There’s a bully in our neighborhood and an encounter with a bully is unnerving and potentially devastating.
I was getting ready one morning and Louie came running into my room, almost mouthing words, mixed with a little whining as if to frantically say, “Oh my gosh, mom, you have to come here. You have to help me because this could be really bad!”
He ran over to the window, looked out to the back yard, then looked back at me, then looked out the window again and then looked back at me, with a worried expression on his face and a lot of whining. I wondered what on earth would I see out there.
And there he was…the bully! Not just any bully— but the neighborhood’s feral cat! It sauntered across the yard, causing fear and angst in Louie until it was finally out of sight. Clearly its tactics worked because of Louie’s reactions.
That wasn’t the only time Louie encountered his feline bully. On our walks, there’s a narrow part of our path that we cross every day. One day as we came upon that spot, the bully was sunning himself and had no intentions of moving…even if approached by a hound dog with a big mouth and his human, that cat was not moving. We actually turned and walked the other way; it wasn’t worth the fight.
Now I know my dog lover friends are laughing because they’ve seen this with their own dogs. And we’ve seen the funny videos of this behavior on YouTube. We also know the severity of bullying for young people and we hear more each day about the corporate bully.
Workplace bullying can include verbal, nonverbal, psychological, physical mistreatment and humiliation. This type of hostility is particularly difficult because workplace bullies often operate within the organization’s “rules” and are many times someone in authority. However, we can also be bullied by our peers, and occasionally even by a subordinate. Bullying can be covert or overt. It may be missed by superiors or known by many throughout the organization. Negative effects are not limited to the directed individuals, and may lead to a decline in morale and an increase in a culture of distrust.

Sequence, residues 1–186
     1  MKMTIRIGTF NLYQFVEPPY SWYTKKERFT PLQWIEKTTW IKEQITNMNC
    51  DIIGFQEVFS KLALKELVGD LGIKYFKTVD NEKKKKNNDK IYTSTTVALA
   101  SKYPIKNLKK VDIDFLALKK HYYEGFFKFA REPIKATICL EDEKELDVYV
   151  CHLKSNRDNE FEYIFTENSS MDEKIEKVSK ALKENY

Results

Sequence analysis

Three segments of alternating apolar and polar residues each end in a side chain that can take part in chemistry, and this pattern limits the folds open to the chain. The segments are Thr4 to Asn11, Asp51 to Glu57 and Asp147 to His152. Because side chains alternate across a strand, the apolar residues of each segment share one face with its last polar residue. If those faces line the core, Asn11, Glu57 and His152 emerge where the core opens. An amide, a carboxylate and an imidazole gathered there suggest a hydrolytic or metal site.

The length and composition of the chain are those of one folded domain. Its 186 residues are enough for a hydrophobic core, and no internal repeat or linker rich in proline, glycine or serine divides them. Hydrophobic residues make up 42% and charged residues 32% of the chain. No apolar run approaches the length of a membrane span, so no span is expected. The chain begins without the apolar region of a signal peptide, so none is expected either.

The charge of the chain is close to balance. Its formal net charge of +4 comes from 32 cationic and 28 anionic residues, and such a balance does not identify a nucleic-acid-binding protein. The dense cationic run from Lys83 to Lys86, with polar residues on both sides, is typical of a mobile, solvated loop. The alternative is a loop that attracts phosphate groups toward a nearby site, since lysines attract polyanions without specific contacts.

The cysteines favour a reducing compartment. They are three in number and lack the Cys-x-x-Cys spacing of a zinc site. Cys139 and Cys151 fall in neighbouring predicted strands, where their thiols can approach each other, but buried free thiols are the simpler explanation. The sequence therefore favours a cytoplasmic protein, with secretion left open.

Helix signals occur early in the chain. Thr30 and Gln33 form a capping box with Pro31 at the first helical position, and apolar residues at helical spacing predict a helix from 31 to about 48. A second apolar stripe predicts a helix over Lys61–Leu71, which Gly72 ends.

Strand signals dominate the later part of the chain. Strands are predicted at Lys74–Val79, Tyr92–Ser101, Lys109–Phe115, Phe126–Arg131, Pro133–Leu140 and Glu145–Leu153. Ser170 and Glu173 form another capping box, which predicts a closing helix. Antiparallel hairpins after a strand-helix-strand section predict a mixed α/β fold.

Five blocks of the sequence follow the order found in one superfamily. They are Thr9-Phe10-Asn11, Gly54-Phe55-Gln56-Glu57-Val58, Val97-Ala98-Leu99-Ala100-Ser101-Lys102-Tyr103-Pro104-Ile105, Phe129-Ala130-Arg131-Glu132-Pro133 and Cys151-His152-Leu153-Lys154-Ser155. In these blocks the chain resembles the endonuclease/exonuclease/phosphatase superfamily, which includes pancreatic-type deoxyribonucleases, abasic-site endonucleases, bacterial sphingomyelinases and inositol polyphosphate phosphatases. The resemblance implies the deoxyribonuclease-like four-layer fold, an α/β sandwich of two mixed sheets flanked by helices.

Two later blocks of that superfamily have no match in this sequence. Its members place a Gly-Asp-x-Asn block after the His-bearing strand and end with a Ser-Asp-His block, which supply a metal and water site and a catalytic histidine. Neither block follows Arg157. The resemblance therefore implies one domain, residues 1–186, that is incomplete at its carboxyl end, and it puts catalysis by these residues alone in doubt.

If you as a leader know there is a bully in your midst, do you resolve the issue immediately? What if no one actually complains directly about the bully but you are discerning the rumblings and have watched enough of the body language to raise questions? Do you go to others to ask them about the person? Do you go directly to the bully to confront them knowing you may suffer the repercussions if you express concern versus coming with actual proof you’ve witnessed yourself?
These are complex questions without simple answers but the issue must be addressed…and the sooner the better.
Gossip, malicious backbiting and passive aggressive behaviors can topple a team quickly. Rebuilding could take years, if ever. Most businesses cannot afford that type of implosion. The leader of the organization sets the tone for a culture of trust and it begins with their taking the following actions:
- Gossip must be stopped immediately and there should be zero tolerance for it in the workplace.
- Coworkers should be trained how to confront issues with one another in a healthy, positive manner.
- As a woman in the corporate world since 1980, I have seen my share of female bullies and the unnecessary damage caused by their actions. My friend, Laurie Althaus, says it best: “They [women] attempt to mix the masculine competitive energy and individualism (which has its purpose) into the batter with the feminine strengths of cooperation, wisdom and groupism. The two do not mix well without lots of discernment and assurance that personal values are adhered to.”
While I can’t do much about the neighborhood bully, as Louie’s leader I can assure him that the cat will in no way interfere with his freedom to be the lovable hound dog that he is. He’s learning not to react as we walk past the bully. Everyone loves to see him every day and what a sad place our neighborhood would be if he were too scared to go on his fun walks. The same goes for your workplace! Immediately take action against bullying!